There’s American pancakes. True to their name, they’re cake like and leavened with baking powder or soda. They’re divisive in nature. Fluffy or thin? Kev likes his fluffy. I like mine the way I cut a deck of cards—thin to win—preferably with wheat flour. And then there’s French crêpes. A paper thin pancake. Best whipped together the night before with plenty of eggs and a good rest before hitting the griddle in the morning. It’s in that time that the flavor develops and milds while forming many tiny but strong webs within the batter. No chemical leavener necessary. Wedged in between the American pancake and the French crêpe, sits the Dutch Baby. Our second favorite baby. Hal is number one, of course.
It’s also called a German pancake. It’s thick and custardy and craggy. It comes together fast in a blender and bakes in a cast iron skillet, leaving the clean up nearly non-existent. The eggs provide all the lift needed. A quick run through the blades of the blender awakens their powers. Regular, all-purpose flour is highly recommended. Wheat flour weighs too heavily on the eggs, yielding something flat and dense.
The window to the oven is always plastered with new handprints after a bake. We watch as it crawls up the sides of the pan and forms a mountain or two in the middle. They sometimes crack at the shear force. I like to think the earth and all its terrain was formed this way—in a very hot oven with a bit of flour, milk, awakened eggs, and the guidance of a firm cast iron pan.
We top the Dutch Baby with whatever’s most ripe at the store. Right now, it’s pears. We lightly sauté them in popping butter and a hit of brown sugar and cinnamon. We top that with a generous dollop of plain whole milk yogurt and maple syrup. Always. And on special days, a shmear of nutella. This is a classic game of one-upping. A game where everyone wins.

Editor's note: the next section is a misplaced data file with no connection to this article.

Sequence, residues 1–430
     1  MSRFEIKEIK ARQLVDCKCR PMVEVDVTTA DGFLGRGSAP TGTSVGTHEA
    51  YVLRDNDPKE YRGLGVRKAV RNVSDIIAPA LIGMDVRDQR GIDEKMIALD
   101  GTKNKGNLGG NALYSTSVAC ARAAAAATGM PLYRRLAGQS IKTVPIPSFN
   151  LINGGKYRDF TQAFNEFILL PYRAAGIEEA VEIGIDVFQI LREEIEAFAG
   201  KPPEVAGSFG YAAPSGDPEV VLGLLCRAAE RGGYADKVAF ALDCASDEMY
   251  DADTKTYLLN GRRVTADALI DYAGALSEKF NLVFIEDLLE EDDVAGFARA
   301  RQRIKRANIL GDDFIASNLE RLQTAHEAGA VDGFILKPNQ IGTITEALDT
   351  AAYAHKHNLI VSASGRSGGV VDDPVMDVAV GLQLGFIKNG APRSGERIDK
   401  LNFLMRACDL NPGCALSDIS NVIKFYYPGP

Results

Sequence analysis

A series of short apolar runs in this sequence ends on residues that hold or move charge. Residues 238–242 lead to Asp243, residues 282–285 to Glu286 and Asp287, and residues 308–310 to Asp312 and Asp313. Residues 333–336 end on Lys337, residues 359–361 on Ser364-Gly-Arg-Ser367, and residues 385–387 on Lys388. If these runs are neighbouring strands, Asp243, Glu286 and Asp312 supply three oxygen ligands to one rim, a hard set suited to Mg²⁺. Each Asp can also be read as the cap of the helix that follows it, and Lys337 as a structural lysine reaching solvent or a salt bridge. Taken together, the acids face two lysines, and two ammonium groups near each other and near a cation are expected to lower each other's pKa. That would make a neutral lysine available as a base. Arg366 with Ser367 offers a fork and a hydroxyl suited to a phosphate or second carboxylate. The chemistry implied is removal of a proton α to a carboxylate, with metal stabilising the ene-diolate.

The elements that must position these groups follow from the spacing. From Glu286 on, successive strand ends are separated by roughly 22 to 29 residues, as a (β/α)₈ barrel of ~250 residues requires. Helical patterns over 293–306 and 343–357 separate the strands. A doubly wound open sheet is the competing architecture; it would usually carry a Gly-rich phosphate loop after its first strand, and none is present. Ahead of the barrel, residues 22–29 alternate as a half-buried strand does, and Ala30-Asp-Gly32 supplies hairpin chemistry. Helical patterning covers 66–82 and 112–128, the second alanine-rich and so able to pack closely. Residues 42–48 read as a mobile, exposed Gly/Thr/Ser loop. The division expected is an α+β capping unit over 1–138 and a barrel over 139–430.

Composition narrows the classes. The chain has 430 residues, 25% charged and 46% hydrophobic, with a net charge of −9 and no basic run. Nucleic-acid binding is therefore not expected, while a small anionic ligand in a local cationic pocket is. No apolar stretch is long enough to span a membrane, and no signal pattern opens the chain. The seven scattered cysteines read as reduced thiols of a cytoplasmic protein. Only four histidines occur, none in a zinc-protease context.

So on weekend mornings when you’re pressed for time, when you don’t want to clean 1,000 dishes, or flip 500 hotcakes, do as the Germans do. Make a blender Dutch Baby.
UPDATE: Get the updated recipe in The Minimalist Kitchen cookbook.
- 4 tbsp. unsalted butter
- 3 large eggs
- 2/3 c. all-purpose unbleached flour
- 2/3 c. whole milk
- 2 tbsp. pure cane sugar
- 1/2 tsp. kosher salt
- 1/2 tsp. pure vanilla extract
- Preheat oven to 425°. Add butter into a 10" well-seasoned cast iron pan and place in oven until melted and bubbly while the oven preheats. The butter should be hot to begin cooking the dutch baby but not burned.
- Meanwhile, add eggs to a high-powered blender, like a Vitamix. Blend on medium-low speed for about 20 seconds. Eggs should be pale, fluffy, and bubbly. These guys will provide all the lift the custardy pancake needs.
- Add remaining ingredients to blender. Blend until just combined, about 5 seconds. Batter will be thin and bubbly.
- Once butter is hot and ready, remove the pan from the oven and immediately pour batter into the pan. Return to oven and cook for 15 minutes.
- While the dutch baby bakes, prepare toppings. We change it up seasonally. Late spring and summer, it's usually just fresh berries. Late fall, we cut up a couple of pears into thick slices and sauté them in a tablespoon of butter and brown sugar plus a hit of cinnamon for about 3 minutes. Deep winter, we opt for a shmear of banana curd. I imagine you'll have some good ideas here.
- Remove dutch baby from oven. It will be tall and craggy around the edges. If it falls a bit, don't worry. That's normal. Cut into wedges. Top as desired. We usually add plain whole milk yogurt and maple syrup. Special days get a shmear of nutella.